Aleutian Islands Survey, Pt. 1: Fishing Memories
As I board the F/V Alaska Provider, my mind is flooded with memories from my childhood. After the school year was complete, my family (I am the youngest of nine) would leave our village to spend the whole summer at my maternal grandparents’ cabin, 60-ish miles downriver, to fish.
We spent our days checking the net, standing at the fish table processing our catch, and then preserving it in various traditional methods. I remember traveling back to our village with an entire boat load of fish; there was so many fish to the point where my father’s wooden boat flirted with water coming over the hull. That summer’s worth of work fed our family throughout the year.
The marine environment is of high value to not only my family but also to all the rural and Indigenous communities in Alaska. This is because of its cultural and nutritional benefits, which harmonizes with the term I learned as a child, “subsistence.” It gives us life, reminds us of who we are, and helps us to pass that knowledge to others.
Come late July 2022, I found myself again standing next to a table working on fish with three other women, where winged creatures also congregated—except it was not to feed my family for the upcoming year.
I had joined the Alaska Fisheries Science Center Groundfish Assessment survey in the Western Aleutian Islands. I am working with other scientists on the F/V Alaska Provider to monitor various biological (e.g., length, weight, sex, otoliths (ear stones) and stomach contents) and environmental parameters (e.g., water temperature and salinity). Other bottom trawl surveys are conducted in the south eastern Bering Sea and northern Bering Sea (annually) and in the Gulf of Alaska (biennially).
I sorted through fish that were so foreign to me. They included Pacific Ocean perch, Northern rockfish, Northern rock sole, Arrowhead flounder and Atka mackerel, to name a few. We only caught a single salmon that I was familiar with—a chum salmon. Even the cutting utensils used were different. I was many nautical miles from where I was born and raised and two flights away from where I currently live. As I write this, I am extremely far from the most western and southern city in Alaska. In fact, I am not even in the Western Hemisphere but in the Eastern Hemisphere.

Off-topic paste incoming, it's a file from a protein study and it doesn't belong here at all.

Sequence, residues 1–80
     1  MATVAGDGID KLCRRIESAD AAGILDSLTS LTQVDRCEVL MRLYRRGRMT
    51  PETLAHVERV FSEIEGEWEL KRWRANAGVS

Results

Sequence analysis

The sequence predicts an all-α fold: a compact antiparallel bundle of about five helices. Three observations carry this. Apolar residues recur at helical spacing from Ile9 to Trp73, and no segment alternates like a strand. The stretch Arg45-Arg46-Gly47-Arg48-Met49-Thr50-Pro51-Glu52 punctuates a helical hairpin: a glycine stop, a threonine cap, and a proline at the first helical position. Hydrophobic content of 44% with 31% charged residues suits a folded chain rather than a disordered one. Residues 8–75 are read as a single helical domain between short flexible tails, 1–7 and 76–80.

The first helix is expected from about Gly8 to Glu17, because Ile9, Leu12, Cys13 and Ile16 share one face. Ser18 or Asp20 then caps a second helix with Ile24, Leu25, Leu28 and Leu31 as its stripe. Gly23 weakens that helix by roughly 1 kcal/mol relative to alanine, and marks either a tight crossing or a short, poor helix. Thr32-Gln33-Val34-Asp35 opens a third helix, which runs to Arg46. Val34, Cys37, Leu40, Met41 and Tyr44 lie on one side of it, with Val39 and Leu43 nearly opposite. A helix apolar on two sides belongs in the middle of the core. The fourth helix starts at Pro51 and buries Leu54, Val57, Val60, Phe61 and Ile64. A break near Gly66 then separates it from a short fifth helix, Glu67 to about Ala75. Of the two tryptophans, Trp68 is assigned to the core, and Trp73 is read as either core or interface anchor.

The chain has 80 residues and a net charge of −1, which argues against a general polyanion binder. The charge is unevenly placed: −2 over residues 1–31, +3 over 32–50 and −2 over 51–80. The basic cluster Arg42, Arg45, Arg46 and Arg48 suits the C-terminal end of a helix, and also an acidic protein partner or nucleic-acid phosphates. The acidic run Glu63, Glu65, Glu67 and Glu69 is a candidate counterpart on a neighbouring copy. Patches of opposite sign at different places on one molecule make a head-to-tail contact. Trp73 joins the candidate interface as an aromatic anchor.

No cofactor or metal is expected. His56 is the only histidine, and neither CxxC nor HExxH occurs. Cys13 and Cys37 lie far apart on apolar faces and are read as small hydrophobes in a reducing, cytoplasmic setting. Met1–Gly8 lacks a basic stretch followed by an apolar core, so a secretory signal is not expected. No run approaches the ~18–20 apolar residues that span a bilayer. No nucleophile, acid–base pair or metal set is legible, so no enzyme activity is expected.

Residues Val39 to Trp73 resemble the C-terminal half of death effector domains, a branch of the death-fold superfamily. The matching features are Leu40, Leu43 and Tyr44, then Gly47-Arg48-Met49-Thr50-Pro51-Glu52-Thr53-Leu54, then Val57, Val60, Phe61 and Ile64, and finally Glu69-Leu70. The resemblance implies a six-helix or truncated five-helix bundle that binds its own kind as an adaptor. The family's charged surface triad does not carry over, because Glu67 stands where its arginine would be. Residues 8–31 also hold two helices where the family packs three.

“We provide these survey data to stock assessment scientists (fish distribution and abundance). They combine these data with data collected by independent observers on commercial fishing boats to understand overall fish stock abundance and trends. From this, resource managers make decisions on how much fish can be sustainably caught in a given fishing year,” said Cecilia O’Leary, Field Party Chief/Research Fishery Biologist.
Natural resource policies are informed by surveys like this groundfish and crab bottom trawl survey and other NOAA Fisheries research surveys. With all that is changing in the subarctic and Arctic, there is a significant and growing awareness of the importance of science-backed decision making to policies that broadly affect Alaskan marine-resource dependent communities.
The Alaska Fisheries Science Center also recognizes the importance of establishing and fostering collaborative relationships to better understand changing Alaska marine ecosystems. Through cooperative marine research, we can advance research ideas, such as mutually-beneficial scientific questions. We hope to bring more information from broader perspectives into the management processes including Indigenous knowledge.
My work on this survey brings memories of a lifetime. In between hauls is the time to rest, eat to refuel and remember my childhood fishing with my family.